2020 Report for New Haven Botanical Garden of Healing Dedicated to Victims of Gun Violence
Number of volunteers
Total volunteer hours
Number of events
Number of trees planted
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12 Arbor Vitae, 1 European Beech, 4 Serviceberry, 4 Dogwoods
Number of shrubs planted
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Includes Rose Creek Abelia, Macrantha Azalea, Summersweet Clethra, Redbark Dogwood, Inkberry Holly, Inkberry, Jim Dandy Winterberry, Red Sprite Winterberry, Spirea, Korean Spice Viburnum, and Old Fashioned Weigela
Number of perennials planted
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Includes Red Yarrow, Purple Dome New England Aster, Chinese Astilbe, Visions Astilbe, Wood Oats, Threadleaf Coreopsis, Purple Coneflower, Sieboldiana Elegans Hosta, Plantain Lily, Blue Flag, Big Blue Lilyturf, Ruby, Woodrush, Catmint, Montauk Daisy, Coneflower, Deam's Coneflower, Woodland Sage, Black Jack Sedum, Common Periwinkle, Agastache, and Elegans Hosta.
Yards compost spread
Yards mulch spread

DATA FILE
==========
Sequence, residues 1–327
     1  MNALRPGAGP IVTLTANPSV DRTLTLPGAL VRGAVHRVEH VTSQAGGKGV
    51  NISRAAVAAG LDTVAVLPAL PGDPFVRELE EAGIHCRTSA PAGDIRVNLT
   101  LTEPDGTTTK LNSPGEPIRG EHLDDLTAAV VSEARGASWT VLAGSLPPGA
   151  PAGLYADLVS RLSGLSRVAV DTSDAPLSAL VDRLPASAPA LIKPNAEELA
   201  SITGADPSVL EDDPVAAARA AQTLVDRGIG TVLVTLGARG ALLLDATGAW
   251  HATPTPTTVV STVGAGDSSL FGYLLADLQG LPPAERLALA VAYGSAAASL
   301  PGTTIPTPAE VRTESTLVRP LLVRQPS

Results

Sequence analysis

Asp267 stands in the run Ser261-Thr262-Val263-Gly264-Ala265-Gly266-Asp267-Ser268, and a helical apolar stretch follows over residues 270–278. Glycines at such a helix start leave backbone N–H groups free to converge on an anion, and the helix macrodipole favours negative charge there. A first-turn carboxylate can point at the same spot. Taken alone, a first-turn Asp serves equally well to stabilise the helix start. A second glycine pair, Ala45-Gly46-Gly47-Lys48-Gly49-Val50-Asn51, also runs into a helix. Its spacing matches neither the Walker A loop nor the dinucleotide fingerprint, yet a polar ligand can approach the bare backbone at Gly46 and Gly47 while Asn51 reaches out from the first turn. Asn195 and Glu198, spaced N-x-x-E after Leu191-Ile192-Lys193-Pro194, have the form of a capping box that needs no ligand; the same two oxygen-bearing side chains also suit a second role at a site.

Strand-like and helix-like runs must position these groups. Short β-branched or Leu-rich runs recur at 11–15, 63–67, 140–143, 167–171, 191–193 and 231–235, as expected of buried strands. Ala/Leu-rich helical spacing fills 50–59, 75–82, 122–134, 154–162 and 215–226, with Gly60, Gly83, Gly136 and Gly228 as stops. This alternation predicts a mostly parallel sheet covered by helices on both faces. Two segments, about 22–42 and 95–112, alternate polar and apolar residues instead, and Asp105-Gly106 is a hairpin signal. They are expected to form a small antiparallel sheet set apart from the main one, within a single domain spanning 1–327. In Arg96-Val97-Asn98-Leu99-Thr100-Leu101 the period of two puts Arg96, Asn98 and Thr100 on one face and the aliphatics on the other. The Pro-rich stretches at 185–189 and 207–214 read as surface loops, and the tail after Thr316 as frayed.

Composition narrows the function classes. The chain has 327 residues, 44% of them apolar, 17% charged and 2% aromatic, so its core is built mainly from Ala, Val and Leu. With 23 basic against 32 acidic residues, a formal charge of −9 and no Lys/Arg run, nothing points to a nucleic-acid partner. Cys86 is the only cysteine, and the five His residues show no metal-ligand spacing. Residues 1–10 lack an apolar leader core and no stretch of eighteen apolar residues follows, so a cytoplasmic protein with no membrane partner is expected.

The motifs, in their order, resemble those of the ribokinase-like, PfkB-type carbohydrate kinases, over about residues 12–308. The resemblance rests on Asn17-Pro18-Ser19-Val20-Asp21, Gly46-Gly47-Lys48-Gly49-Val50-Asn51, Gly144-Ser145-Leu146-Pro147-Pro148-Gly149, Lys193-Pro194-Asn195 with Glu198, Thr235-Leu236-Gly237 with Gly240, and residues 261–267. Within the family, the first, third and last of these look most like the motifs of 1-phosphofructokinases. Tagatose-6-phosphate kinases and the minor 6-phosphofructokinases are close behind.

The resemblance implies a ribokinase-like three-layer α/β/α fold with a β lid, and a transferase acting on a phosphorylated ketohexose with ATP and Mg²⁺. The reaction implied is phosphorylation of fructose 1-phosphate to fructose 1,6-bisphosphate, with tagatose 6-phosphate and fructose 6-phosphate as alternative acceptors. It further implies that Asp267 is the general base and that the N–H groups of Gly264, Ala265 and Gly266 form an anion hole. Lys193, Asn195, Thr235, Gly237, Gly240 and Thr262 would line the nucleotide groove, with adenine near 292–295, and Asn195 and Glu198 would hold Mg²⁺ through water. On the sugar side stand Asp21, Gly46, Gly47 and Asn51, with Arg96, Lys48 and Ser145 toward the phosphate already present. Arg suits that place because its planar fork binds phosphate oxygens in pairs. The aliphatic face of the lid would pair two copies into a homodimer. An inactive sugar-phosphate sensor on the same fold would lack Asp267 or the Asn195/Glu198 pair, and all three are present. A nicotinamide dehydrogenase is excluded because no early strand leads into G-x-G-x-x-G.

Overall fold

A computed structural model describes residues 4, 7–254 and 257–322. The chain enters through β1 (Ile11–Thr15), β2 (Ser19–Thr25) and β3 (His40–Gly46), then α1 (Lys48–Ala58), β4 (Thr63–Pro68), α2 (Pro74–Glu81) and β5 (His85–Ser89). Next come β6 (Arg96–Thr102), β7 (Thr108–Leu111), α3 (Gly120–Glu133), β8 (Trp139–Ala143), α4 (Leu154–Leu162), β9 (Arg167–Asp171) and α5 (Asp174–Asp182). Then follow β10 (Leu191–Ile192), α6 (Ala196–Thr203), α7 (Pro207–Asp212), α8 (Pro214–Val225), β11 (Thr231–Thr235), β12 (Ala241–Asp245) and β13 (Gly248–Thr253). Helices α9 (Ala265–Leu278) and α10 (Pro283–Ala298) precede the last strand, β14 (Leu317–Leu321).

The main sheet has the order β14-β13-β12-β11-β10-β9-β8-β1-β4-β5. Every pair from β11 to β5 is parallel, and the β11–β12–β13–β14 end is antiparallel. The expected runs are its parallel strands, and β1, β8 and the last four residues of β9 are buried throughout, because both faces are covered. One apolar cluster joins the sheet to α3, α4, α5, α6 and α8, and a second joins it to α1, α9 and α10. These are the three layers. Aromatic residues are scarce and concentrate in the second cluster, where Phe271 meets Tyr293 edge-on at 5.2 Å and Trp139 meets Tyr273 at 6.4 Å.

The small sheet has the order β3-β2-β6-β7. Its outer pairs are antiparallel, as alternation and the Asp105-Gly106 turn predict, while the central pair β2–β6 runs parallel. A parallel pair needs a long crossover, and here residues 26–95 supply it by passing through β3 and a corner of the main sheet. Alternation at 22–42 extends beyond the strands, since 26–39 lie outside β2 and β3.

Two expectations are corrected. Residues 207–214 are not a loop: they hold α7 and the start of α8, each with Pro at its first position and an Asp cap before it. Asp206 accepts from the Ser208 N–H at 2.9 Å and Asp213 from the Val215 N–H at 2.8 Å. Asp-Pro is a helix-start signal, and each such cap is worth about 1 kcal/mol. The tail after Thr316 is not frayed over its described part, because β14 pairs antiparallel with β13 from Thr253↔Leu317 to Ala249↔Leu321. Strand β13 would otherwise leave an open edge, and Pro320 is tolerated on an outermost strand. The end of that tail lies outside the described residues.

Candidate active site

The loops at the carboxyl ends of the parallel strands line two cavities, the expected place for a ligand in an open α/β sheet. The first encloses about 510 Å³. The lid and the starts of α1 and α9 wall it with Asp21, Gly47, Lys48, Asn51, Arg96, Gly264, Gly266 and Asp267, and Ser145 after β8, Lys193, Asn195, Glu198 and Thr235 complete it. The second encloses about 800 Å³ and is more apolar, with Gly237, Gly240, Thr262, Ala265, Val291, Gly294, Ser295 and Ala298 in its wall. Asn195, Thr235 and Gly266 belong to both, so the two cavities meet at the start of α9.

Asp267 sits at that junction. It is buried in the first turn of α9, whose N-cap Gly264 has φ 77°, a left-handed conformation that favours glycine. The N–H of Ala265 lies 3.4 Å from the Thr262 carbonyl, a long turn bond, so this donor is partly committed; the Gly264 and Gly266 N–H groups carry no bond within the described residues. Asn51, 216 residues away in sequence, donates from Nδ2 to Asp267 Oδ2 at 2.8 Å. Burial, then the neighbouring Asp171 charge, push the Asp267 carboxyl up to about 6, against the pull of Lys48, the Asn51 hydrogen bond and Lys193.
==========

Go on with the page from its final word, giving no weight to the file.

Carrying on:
This year, we witnessed the establishment of the Botanical Garden of Healing infrastructure and plantings. The first few weeks of in-person work in the summer included weeding, planting, and watering an area by the road on the way from the parking lot to the garden. We removed a lot of Japanese Knotweed, Garlic Mustard, and Oriental Bittersweet, among other weeds, and planted a few new perennials. Once the construction process was ready for us, we planted out the garden beds with over 1700 perennials with the help of over 100 volunteers, the Emerge Team, and URI staff. Volunteers from Wilbur Cross High School, Yale School of the Environment, Yale Divinity School, and Men Achieving Leadership, Excellence, and Success (M.A.L.E.S) all gave their time to this project. Planting and construction extended until late in the fall, but the work was a powerful testament to many citizens commitment to end the cycle of violence here in New Haven.